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The primary issue identified by the case study is the extent to which free speech can be used and is protected regarding sensitive social aspects and discussions. Free speech is a Constitutional right that should be protected and upheld in the context of higher education by allowing a peaceful expression of opinion from both sides. However, the social context demands that fundamental respect should be given to individuals and their background and while the First Amendment does protect from censorship, it does not endorse the abuse of such privileges.
Recently, places of higher education are encountering both protest and backlash regarding their inability to address racial tensions. The case describes a Yale University incident where students were notified on how to properly approach racially sensitive topics during Halloween. However, a white lecturer viewed this as an expression of institutional control and censorship, to which students replied by demanding fundamental respect for their cultures. At Missouri University, students began to protest after a lackluster university response to a series of racial taunts and threatening vandalism on campus.
In another incident at CUNY, a guest lecturer was harassed and heckled during a presentation simply for his politically conservative views, even if he did not demonstrate any inappropriate or racist behavior or ideology. The incidents often involve undergraduates, especially in law schools, who participate based on passion (Jaschik 2016).
Many experts, officials, and administrators are citing the necessity to allow public speakers, even if their stance is controversial. The biggest challenge has been to find methods that will prevent disruption and punishing those who do while still allowing peaceful protests of opinion (Jaschik 2016).
Some universities began to create alternative solutions such as free speech zones, which placed small zones on campus allowing free expression while the rest of the space was subject to regulation. This alternative failed since it was immediately challenged by organizations as creating a restrictive speech zone in a public area such as a college campus. Furthermore, it was constrained by the fact that even liberal organizations viewed this as unsustainable and not promoting an open society with liberal ideas (Moshman 2018). Alternatives are not possible at this time since many will be legally challenged by either of the sides of the issue as a violation of the 1st Amendment.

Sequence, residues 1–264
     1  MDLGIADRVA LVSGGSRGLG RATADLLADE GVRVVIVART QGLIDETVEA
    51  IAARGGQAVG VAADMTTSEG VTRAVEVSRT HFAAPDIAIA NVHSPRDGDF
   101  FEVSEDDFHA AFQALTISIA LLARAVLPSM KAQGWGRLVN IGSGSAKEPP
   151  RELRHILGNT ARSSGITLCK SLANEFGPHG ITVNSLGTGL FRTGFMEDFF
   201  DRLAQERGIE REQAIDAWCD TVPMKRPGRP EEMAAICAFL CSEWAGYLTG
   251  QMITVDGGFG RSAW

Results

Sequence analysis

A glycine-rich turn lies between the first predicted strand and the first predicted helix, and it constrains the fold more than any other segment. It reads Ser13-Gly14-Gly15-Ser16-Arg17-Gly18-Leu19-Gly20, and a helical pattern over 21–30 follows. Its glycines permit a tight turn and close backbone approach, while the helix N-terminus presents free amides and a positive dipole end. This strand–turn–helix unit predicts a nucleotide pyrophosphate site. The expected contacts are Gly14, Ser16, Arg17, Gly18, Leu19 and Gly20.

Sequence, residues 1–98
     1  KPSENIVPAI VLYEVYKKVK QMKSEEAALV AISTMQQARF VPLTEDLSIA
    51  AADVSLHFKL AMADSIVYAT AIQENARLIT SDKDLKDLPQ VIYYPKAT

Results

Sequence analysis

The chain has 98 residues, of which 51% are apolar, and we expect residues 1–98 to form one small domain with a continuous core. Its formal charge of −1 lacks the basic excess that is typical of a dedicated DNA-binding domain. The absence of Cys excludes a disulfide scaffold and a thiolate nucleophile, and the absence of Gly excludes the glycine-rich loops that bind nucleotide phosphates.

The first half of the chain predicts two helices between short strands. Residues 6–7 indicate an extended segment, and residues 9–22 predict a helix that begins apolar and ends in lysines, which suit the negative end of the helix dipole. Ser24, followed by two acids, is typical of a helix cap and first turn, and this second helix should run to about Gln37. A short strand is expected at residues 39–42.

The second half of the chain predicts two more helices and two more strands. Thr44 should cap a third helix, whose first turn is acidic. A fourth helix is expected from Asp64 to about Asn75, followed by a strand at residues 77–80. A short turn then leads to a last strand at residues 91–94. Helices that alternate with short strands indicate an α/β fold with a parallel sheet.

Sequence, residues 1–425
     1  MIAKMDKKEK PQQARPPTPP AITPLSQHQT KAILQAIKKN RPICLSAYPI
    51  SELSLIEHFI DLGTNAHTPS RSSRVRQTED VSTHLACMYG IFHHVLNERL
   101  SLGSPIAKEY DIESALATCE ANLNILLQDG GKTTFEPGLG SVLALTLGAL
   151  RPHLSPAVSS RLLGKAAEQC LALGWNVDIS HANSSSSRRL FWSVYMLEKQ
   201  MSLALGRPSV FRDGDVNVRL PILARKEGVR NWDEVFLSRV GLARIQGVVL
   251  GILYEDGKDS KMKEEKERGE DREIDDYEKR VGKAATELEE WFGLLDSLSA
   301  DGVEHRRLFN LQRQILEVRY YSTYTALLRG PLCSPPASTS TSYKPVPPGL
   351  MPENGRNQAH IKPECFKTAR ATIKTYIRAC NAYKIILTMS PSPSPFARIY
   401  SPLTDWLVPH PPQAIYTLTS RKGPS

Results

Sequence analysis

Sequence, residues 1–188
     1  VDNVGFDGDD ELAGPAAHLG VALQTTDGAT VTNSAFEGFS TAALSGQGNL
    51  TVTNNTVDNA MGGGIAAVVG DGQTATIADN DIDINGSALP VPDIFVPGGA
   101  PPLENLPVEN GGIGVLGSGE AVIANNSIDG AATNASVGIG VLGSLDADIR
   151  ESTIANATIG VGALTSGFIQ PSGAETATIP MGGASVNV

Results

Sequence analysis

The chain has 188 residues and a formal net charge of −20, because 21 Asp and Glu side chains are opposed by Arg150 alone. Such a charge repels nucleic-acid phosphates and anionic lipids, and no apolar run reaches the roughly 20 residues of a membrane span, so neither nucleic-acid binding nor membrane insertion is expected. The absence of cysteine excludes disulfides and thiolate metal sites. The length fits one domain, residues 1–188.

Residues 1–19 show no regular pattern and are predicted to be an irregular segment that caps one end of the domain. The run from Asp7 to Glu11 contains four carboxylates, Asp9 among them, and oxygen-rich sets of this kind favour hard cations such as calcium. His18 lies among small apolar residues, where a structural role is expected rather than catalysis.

A proposed solution would be for the government to adopt a policy that would repeal any unconstitutional bans on free speech on public university campuses or promote administrative regulations that would disrupt these fundamental rights. This solution was chosen because the attempt to limit expression is ultimately wrong. While some of the opinions may be morally wrong, as history demonstrates, society and government may experience change where those standing up for good may be oppressed (American Civil Liberties Union n.d.). Therefore, it is critical to avoid double standards for free speech and promote it to the full letter of the law.
The 1st Amendment of the U.S. Bill of Rights protects all speech, regardless of how offensive it may be. Furthermore, it restricts laws or regulations attempting to limit these rights. Later Supreme Court rulings also support expression in schools if it does not purposefully disrupt educational processes. The legal theory of order and morality had been traditionally used for free speech until the 1960s during which a series of cases set a precedent that all speech is protected unless it directly threatens national security (Lederman 2018). Personal perspectives also suggest that limiting speech rarely has positive effects and does not change opinions. Instead, it is extensive debate and exchange of ideas that promote change and reconciliation between opposing sides
The solution can be achieved through meaningful dialogues between students, experts, college administrations, and policymakers. It is vital to use legal and evidence support rather than hysteria and blame tactics. Policies preventing the barring of free speech should come with protection clauses for speakers and students as well. Furthermore, relevant guidelines and recommendations should be implemented by governments to ensure colleges follow federal statutes on protecting free speech.
American Civil Liberties Union n.d., Speech on campus. Web.
Jaschik, S 2016, Shouting down talk on campus free speech. Web.
Lederman, D 2018, A more nuanced view of law on campus speech. Web.
Moshman, D 2018, Four campus free speech problems solved. Web.